Guest post by Shirin Giordano

Influencer Law Clinic series

12/4/20213 min read

The intersection of identity and the territory where one lives has had great effect on the lives of queer people living in countries where their own existence is disrespected, rejected or even criminalised.

The situation in Nigeria is especially critical for the well-being of LGBTQ+ folks as after the entry into force of the Same-Sex Marriage Prohibition Bill in 2014, marriage, cohabitation or even just public show of a same sex-relationship, “directly or indirectly”, are prohibited and could lead to up to 14 years imprisonment. The practical implications of this law are however much broader, as it effectively manages to criminalise LGBTQ+ people on the basis of sexual orientation and identity. Subsequent to the adoption of this legislative act, numerous human rights groups have expressed concern about its consequences on the lives of people [1].

The unwelcoming atmosphere of the streets of Nigerian cities has led to the creation of safe spaces by and for queer people. Access to such spaces is however greatly monitored and exclusive, as the risk of someone who has malicious intentions entering them is high. This has been proven by several cases of invasion of police going undercover or breaking and entering followed by assault and battery [2].

The growing and expanding social media presence of young queer people is an important counter-movement to the atmosphere of non-acceptance which characterises countries such as Nigeria and has helped to move online celebrations of identity and self-expression.

Sabelo Mlangeni, a photographer who focused on understanding how social media has shaped celebrity culture in Lagos, has captured life in a safehouse in the city, called the House of Allure, where he lived together with Nigerian queer influencers. His work on the collection of moments in the House is now part of an exhibition in London [3].

Rashidi Williams, a gay rights activist in Nigeria, has said in an interview that the consequence of the Same-Sex Marriage Prohibition Bill would be that LGBTQ+ people in Nigeria would either leave the country and seek asylum or “go underground”, but he would personally not be willing to compromise the voice he has found and go “underground” [4]. Another example of people who have chosen to not hide and still proudly live their queer identities are two Nigerian influencers who document their lives and their experiences. One of them is Matthew Blaise (@matthew.blaise) who in October 2020 marched through the streets of Lagos loudly chanting “queer lives matter” and has since kept using their platform to bring visibility to the lives of queer Nigerians. They use their platform as a safe space where frank and honest conversations about mental and sexual health are the norm. Much of the focus of discussion is on the effects of European colonialism on the destabilisation of the African region and also how this has influenced African queer evolution [5]. Amara (@the_amarion) is a lesbian Nigerian woman who uses her platform to share moments of her life with her partner, Olayinka, and tell stories about her life as a queer person. The rawness of her narrative is reflected in her content, such as an emotional video where she captures a conversation with her unaccepting mother. Her confidence in her identity allows to normalise people and types of relationships which are often very limited or completely lacking in representation and humanises such complex experiences.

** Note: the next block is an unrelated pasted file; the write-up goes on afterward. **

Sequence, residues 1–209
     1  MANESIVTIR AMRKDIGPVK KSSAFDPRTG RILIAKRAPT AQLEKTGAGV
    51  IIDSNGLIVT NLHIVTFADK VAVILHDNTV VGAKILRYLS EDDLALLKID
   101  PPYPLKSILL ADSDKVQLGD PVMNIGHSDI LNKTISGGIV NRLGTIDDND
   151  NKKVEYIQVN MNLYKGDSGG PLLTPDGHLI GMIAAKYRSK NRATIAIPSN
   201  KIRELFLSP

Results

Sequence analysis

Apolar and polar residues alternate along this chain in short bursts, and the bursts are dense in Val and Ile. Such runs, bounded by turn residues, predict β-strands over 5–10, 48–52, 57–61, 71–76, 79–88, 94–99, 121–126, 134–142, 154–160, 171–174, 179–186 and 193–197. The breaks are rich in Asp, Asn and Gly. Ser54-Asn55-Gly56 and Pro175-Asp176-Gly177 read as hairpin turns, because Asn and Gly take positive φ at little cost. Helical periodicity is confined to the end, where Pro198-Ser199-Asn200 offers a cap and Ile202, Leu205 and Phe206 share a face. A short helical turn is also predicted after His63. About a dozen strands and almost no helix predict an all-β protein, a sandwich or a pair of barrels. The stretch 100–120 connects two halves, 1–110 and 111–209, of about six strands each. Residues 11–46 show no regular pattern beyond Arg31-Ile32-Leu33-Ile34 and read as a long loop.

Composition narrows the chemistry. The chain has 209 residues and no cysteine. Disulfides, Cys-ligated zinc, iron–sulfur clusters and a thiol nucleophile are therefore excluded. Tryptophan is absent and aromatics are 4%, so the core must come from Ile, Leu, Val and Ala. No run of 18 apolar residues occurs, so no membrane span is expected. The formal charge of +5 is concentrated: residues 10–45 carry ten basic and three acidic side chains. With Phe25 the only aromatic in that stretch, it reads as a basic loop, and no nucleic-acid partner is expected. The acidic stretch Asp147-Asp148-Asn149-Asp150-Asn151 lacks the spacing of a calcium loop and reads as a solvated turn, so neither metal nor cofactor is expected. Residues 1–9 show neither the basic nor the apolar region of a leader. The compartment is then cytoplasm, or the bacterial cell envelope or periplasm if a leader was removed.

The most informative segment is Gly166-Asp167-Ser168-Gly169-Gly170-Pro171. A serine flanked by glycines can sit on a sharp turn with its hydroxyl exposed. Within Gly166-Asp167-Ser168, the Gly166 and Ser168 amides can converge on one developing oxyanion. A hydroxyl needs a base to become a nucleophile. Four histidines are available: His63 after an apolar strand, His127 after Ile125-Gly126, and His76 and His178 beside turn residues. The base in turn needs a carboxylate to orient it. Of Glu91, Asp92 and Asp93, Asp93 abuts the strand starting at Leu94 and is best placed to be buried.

Therefore, the question is whether online content which could be perceived as potentially criminal under the laws of a specific country should be banned on social media platforms. The ability to use the internet to create a space which is absent in your lived experiences and reality is one of the fundamental pillars of social media platforms which led to their increasing popularisation. This is rooted in the fact that you can be anyone online, and if that someone happens to be the truest form of self, that should be equally allowed and given space. The laws of morality must then hold more weight on the scale of moderation of content online than laws which are deeply rooted in conservatism and discrimination.

[1] Isaack W, ‘“Tell Me Where I Can Be Safe”’ (Human Rights Watch, 2016) <https://www.hrw.org/report/2016/10/20/tell-me-where-i-can-be-safe/impact-nigerias-same-sex-marriage-prohibition-act> accessed 26 November 2021

[2] Access to Good Health Initiative (AGHI), The Initiative for Equal Rights in Nigeria (TIERS), Initiative for the Advancement of Humanity (IAH), International Center for the Advocacy of the Right to Health (ICARH), Women’s Health and Equal Rights Initiative (WHER), Trans and Intersex People for Human Rights in Nigeria (THRIN), Hope Alive Health Awareness Initiative (HAHAI) and Synergía – Initiatives for Human Rights (Synergía), “Human Rights Situation for Lesbian, Gay, Bisexual and Transgender (LGBT) Persons and Sexual Rights in Nigeria”, pp.31, (UN Human Rights Committee, 2019)<https://tbinternet.ohchr.org/Treaties/CCPR/Shared%20Documents/NGA/INT_CCPR_CSS_NGA_35448_E.pdf> accessed 26 November 2021

[3] Dinsdale E, ‘Sabelo Mlangeni’S Moving Photos Of Life Inside A Nigerian Queer Safe House’ (Dazed, 2020) <https://www.dazeddigital.com/art-photography/article/50535/1/sabelo-mlangeni-house-of-allure-photographs-life-inside-nigerian-queer-safehouse> accessed 26 November 2021

[4] Oladipo T, ‘Inside Nigeria’s Secret Gay Club’ (BBC News, 2013) <https://www.bbc.com/news/world-africa-20887170> accessed 26 November 2021

[5] Okundaye J, ‘Vote For Matthew Blaise On The #Dazed100’ (Dazed) <https://www.dazeddigital.com/projects/article/53050/1/matthew-blaise-internet-biography-dazed-100-2021-profile> accessed 26 November 2021